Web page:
All veterinarians know that an 8-hour schedule is rarely kept, because there’s always something else to do. And the fact that we are dedicated to the well-being of our patients too makes it even more difficult when we have to think about ourselves. Why do we often believe that the well-being of our patients comes before our own?

When we have a job, we try to come in early, accomplish our tasks, apply our knowledge and learn new things, but why aren’t we like that in our personal lives, and why do we find it hard to make time for ourselves? Often when we ask ourselves these questions, our answer is BECAUSE OF WORK!

This week is Mental Health Awareness week and The Webinar Vet has brought a free to watch webinar called ‘How can you use Breathwork to improve your mental health’ given by Chloe Hannigan aka VetYogi. I recommend this webinar, as breathwork has been shown to lower our anxiety levels, stress, improve our memory, among other things and these may be some exercises that we can adopt in our day to day life to raise awareness and prioritise our mental health.

When I started working in practice I struggled with work/life balance and believed that to be successful I had to concentrate only on my work, obviously this didn’t last long, because I soon became fatigued and burned out. So, as work/life balance is such an important topic to me and one that has been very present lately in our profession here is some practical advice that I have found useful.

5 work/life balance Tips

  1. Setting boundaries

It’s tough for us vets to set limits, there’s always something else to do or an emergency that crops up just as we are getting ready to go home. And it’s not the worst thing to work overtime from time to time, or to take care of some tasks that took longer than expected after work. The problem is if we do it all the time. Everyone knows their limits and we should recognise how much work we are capable of handling and not exceed that amount.

  1. Switch off from work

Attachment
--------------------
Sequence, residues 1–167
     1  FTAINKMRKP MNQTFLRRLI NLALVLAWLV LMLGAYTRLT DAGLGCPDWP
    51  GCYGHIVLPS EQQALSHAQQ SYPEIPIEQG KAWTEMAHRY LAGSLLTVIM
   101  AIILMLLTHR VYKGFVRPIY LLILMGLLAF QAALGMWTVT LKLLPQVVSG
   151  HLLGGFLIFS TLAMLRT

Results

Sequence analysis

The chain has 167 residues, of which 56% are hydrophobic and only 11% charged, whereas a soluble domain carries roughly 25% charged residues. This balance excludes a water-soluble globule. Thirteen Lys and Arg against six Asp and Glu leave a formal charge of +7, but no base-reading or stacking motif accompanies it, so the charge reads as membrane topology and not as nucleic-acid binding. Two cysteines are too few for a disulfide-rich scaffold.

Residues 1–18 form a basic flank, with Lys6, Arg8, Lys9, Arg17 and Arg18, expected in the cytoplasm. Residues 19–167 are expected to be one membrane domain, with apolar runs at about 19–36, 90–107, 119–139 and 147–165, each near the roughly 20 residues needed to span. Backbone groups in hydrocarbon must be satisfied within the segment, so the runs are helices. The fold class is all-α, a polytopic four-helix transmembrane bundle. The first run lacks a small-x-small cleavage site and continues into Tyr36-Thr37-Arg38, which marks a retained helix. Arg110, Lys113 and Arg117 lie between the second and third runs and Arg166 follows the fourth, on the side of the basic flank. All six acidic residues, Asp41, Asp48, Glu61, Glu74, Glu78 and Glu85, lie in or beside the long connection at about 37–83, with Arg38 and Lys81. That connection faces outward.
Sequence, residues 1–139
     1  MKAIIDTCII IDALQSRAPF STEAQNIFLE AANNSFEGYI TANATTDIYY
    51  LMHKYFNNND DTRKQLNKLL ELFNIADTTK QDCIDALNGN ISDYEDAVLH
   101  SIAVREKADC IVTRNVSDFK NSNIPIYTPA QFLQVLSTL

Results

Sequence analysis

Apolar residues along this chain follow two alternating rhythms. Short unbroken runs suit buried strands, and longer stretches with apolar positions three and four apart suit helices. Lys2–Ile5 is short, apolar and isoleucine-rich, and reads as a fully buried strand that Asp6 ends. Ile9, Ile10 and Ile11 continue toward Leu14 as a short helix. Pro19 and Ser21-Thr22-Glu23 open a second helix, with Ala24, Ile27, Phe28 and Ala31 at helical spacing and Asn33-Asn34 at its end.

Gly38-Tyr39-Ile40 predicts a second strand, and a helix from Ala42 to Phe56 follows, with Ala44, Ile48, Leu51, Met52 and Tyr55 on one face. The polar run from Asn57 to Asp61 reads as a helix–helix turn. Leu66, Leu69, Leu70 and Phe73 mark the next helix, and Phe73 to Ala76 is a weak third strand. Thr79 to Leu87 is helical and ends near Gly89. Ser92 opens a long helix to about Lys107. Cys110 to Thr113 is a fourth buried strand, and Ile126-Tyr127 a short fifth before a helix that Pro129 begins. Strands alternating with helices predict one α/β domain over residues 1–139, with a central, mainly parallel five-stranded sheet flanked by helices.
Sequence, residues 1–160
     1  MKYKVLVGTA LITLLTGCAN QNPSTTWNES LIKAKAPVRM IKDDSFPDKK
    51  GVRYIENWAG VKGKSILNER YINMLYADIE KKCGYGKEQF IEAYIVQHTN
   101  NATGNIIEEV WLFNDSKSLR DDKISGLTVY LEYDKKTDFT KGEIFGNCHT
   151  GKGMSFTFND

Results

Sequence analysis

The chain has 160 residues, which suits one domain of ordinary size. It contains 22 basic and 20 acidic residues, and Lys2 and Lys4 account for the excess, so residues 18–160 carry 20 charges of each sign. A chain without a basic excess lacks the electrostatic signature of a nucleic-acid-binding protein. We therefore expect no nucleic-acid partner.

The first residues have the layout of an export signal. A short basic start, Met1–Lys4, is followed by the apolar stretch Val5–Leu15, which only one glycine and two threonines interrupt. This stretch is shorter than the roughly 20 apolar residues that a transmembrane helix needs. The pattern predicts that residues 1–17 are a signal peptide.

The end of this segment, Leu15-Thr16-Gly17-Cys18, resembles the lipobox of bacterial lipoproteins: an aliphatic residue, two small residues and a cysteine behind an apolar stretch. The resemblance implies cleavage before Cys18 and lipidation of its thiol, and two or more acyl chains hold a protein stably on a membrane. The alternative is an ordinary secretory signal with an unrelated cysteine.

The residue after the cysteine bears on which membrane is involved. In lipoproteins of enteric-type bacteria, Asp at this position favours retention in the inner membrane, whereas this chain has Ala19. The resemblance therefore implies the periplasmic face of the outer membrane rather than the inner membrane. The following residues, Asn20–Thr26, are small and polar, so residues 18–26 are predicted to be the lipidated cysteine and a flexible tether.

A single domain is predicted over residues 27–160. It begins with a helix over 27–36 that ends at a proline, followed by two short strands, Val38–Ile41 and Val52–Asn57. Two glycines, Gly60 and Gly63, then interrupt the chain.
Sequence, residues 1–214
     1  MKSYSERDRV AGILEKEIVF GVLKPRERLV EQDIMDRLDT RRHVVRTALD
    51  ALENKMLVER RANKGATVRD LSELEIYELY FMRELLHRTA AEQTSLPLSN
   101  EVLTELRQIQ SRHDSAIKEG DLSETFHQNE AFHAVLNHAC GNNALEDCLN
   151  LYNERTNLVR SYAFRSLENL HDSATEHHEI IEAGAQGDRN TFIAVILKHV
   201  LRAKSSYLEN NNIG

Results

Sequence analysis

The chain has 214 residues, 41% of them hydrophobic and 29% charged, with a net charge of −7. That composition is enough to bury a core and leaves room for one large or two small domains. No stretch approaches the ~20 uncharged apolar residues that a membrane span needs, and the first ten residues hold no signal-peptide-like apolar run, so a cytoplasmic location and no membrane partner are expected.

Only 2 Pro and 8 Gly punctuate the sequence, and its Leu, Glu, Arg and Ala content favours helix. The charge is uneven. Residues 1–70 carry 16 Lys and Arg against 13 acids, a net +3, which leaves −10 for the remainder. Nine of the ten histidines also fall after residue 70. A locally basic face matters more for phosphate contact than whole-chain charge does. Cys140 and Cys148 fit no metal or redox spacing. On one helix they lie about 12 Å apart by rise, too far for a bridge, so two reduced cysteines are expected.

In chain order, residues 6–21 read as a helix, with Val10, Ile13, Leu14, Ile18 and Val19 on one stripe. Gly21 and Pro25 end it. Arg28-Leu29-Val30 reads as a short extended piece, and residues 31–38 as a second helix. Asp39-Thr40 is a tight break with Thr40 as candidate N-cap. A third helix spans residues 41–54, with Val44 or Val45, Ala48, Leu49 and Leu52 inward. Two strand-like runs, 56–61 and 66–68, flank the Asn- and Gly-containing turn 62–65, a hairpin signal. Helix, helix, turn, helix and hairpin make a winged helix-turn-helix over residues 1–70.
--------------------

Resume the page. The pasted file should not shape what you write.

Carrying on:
We often finish work late and the emotional burden of our career can be so heavy that we take it home with us. We can keep thinking about the case that didn’t go well and how we could have done things differently, but learning to let go of work although difficult is totally possible and healthy. We vets practice such little self-care that starting by consciously letting go of work can be the first step to a self-care plan.

  1. Learn to say “no” and delegate

We must learn to say “no” to maintain our boundaries, saying “yes” to show our bosses that we are super human is not healthy and even if you say “no” they will still see you as the excellent employee you are! Additionally, respecting your boundaries can also help those around you by reinforcing the importance of your mental and personal health.

Delegation can be difficult, but it’s important not only for your own well-being but also as people in your team will often be thankful to be given additional responsibility and the chance to progress.

  1. Practice Self-Care

This may sound very cliché but think about something you really like to do (apart from veterinary medicine!)? Practising “me time” is so important. Exercise, watch a movie, read, paint, go for a run, travel, spend time with your friends or family. These are things that will make you feel renewed.

Lately I’ve seen a lot of vets who mix the things they love with their work, like the Dr who runs and has this amazing blog and vet running group, or the Dr who loves to travel and her job is based on working while travelling and going to amazing places and meeting interesting people.

  1. Enjoy life

Even if a lot of good and bad things happen during the day, always take the time to look at the positive things. Enjoying something is very important for our health, whether it‘s enjoying our work or our life outside of work. How long has it been since you’ve taken a holiday or gone on that weekend getaway you’ve been looking forward to?

How long has it been since you’ve laughed with your colleagues about the things that happen every day? Enjoying every day makes the burdens of life more bearable.

In Conclusion

It’s time for you to start being a work/life balance conscious veterinarian. Work and life are not supposed to be opposites, work should not compete with our personal life.

By accepting that work will always be a part of our life, we have a clearer picture of the importance of balancing it and not thinking that it is something isolated that can make us lose our true self.

Do you have any more tips to live a more balanced life? Feel free to leave your tips in the comments!